'Breaking Bad': A Cautionary Tale for Teachers in the Wake of Walter White
Now that many of us are experiencing withdrawals from the end of the hit TV show Breaking Bad, I take pause to reflect on my teaching through the lens of the main character Walter White—mild-mannered chemistry teacher turned hardened drug dealer.
As a high school science teacher, how could I not have been drawn to the likes of Mr. White who struggles to make his passion for science relevant to his students? After his first demo lesson with what appears as copper nitrate and lithium chloride to produce illustrious green and crimson flames, I was hooked.
I had just performed the same demo eliciting genuine "oohs" and "aahs" from even my most indignant pupils. Mr. White, however, finds no such luck as his students are either zoning out or making out. I waffled between empathy and sympathy.
Initially, I closely identified with Mr. White's plight with student buy-in, but later I think it was the schaudenfreud that kept me watching. That's a rich German term for the pleasure/relief that one experiences from the misfortune of others. We've all been there, right?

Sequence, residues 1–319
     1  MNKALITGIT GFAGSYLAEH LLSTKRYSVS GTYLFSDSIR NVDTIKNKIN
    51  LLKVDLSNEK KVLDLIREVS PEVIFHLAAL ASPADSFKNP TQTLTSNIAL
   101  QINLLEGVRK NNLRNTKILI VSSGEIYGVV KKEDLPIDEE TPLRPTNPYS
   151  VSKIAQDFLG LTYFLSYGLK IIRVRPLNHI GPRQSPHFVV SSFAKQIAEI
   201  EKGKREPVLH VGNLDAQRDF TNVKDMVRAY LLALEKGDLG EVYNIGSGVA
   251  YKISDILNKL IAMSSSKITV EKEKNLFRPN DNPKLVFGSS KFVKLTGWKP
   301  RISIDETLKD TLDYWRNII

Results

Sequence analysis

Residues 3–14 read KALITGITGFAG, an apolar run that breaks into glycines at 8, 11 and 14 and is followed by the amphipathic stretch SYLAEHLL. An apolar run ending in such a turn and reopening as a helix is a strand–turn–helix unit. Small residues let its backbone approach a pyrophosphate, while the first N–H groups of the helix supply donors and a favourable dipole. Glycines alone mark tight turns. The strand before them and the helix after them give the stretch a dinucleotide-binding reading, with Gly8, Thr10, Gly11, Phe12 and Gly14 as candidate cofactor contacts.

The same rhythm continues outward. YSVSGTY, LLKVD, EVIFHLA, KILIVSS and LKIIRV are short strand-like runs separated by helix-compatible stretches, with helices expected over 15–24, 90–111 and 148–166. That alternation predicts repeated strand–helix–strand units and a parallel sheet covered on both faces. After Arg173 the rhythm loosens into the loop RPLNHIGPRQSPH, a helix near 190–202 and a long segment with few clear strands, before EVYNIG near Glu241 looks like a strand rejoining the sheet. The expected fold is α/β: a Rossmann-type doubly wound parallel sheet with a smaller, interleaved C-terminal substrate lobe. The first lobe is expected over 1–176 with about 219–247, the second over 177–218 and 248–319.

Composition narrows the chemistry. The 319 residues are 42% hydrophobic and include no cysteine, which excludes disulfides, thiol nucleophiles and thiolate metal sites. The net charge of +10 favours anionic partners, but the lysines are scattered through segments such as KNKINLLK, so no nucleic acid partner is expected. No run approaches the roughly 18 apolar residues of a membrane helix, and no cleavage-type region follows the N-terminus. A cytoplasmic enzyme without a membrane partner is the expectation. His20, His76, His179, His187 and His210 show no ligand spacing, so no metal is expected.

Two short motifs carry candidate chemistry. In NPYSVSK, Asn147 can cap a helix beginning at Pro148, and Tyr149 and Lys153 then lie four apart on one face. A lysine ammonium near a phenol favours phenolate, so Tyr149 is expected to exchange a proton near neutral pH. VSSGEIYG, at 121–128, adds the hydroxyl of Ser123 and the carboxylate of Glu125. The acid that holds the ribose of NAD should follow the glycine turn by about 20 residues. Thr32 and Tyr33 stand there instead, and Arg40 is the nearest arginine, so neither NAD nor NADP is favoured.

How many of us can relate to Mr. White trying to get students to stop falling asleep or chat-flirting in the back of the classroom? Or him driving his very practical Pontiac Aztek, rated one of the ugliest cars of all time by Time magazine?
I can't tell you how much I related when rolling up to school in my rusted Toyota Camry with a seatbelt that never coils back up and a trunk bulb that only lights up when I close it. My premature mid-life crisis was kindled by Walter's upgrade to the envy-provoking, sleek Chrysler 300 SRT-8 in Season 5.